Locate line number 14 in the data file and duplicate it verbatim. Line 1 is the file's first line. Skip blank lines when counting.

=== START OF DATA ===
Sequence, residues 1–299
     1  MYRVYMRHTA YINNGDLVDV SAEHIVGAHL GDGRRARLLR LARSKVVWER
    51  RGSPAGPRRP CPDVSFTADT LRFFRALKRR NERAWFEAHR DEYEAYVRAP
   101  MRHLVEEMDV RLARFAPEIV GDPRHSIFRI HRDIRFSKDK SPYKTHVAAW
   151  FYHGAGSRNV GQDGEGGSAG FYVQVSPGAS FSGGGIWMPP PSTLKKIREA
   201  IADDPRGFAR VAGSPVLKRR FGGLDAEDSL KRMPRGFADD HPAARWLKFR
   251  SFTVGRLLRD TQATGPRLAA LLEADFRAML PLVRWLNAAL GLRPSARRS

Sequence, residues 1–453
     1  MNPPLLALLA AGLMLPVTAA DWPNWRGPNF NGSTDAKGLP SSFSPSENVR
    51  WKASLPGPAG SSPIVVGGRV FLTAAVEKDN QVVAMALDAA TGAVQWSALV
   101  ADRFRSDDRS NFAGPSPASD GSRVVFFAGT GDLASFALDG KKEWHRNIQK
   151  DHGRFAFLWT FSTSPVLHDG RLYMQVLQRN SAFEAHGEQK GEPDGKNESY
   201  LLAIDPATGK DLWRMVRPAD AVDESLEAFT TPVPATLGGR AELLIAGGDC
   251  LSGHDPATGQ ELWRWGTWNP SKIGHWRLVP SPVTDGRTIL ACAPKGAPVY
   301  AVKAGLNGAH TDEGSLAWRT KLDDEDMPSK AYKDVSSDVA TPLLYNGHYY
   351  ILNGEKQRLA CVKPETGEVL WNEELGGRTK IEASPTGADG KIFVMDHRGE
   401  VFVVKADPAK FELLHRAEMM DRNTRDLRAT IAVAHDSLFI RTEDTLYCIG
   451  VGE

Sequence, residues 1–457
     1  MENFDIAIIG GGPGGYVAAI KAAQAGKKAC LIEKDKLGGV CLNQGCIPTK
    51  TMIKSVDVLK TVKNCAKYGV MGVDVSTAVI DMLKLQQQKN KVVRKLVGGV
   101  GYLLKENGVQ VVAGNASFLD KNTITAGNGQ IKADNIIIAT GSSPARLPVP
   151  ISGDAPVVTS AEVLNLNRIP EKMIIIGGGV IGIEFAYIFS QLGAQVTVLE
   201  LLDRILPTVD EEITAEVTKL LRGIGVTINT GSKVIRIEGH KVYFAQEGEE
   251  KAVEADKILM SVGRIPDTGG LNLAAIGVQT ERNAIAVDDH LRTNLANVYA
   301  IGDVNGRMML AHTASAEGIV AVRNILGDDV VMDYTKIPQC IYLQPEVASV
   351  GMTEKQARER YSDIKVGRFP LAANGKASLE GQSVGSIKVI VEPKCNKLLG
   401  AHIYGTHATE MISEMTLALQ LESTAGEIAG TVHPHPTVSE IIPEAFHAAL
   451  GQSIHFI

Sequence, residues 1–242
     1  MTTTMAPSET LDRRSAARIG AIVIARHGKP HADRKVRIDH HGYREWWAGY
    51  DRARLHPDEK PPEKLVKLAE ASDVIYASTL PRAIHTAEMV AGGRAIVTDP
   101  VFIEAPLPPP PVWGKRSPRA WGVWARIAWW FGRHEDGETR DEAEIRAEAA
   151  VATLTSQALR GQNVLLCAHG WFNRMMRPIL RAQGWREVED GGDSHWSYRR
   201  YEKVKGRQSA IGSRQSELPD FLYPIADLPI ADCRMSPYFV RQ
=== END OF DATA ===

   251  LSGHDPATGQ ELWRWGTWNP SKIGHWRLVP SPVTDGRTIL ACAPKGAPVY